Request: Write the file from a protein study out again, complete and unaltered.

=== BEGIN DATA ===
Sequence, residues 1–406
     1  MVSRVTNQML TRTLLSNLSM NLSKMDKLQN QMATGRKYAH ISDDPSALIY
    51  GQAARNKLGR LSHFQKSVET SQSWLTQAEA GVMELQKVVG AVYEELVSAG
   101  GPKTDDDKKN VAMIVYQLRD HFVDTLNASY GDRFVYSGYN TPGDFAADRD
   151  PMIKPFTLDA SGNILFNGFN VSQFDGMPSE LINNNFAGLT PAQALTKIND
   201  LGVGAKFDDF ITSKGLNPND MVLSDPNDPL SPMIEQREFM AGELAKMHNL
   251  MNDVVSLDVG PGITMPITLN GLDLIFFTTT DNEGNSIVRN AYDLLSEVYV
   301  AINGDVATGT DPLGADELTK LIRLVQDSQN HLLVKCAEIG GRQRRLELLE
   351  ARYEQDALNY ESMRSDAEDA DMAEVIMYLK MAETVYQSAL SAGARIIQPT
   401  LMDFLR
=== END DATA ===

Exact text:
Sequence, residues 1–406
     1  MVSRVTNQML TRTLLSNLSM NLSKMDKLQN QMATGRKYAH ISDDPSALIY
    51  GQAARNKLGR LSHFQKSVET SQSWLTQAEA GVMELQKVVG AVYEELVSAG
   101  GPKTDDDKKN VAMIVYQLRD HFVDTLNASY GDRFVYSGYN TPGDFAADRD
   151  PMIKPFTLDA SGNILFNGFN VSQFDGMPSE LINNNFAGLT PAQALTKIND
   201  LGVGAKFDDF ITSKGLNPND MVLSDPNDPL SPMIEQREFM AGELAKMHNL
   251  MNDVVSLDVG PGITMPITLN GLDLIFFTTT DNEGNSIVRN AYDLLSEVYV
   301  AINGDVATGT DPLGADELTK LIRLVQDSQN HLLVKCAEIG GRQRRLELLE
   351  ARYEQDALNY ESMRSDAEDA DMAEVIMYLK MAETVYQSAL SAGARIIQPT
   401  LMDFLR